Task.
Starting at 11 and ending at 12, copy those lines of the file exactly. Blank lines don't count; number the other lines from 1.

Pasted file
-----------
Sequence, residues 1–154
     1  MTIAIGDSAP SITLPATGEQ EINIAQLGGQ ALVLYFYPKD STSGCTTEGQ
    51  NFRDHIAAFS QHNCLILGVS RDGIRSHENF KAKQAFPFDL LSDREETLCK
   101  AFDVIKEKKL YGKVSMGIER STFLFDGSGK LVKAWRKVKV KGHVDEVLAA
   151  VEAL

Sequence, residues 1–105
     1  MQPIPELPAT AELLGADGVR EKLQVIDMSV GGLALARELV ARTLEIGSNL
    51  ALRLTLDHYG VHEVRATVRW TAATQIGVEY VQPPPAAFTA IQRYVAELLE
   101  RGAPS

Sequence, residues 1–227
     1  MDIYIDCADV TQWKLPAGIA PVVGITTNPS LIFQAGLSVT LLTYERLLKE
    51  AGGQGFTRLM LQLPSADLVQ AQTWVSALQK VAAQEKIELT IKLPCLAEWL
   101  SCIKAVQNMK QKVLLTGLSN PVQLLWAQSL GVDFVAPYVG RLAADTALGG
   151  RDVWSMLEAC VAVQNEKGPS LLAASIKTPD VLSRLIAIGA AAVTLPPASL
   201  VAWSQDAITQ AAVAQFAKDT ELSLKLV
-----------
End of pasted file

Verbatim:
     1  MDIYIDCADV TQWKLPAGIA PVVGITTNPS LIFQAGLSVT LLTYERLLKE
    51  AGGQGFTRLM LQLPSADLVQ AQTWVSALQK VAAQEKIELT IKLPCLAEWL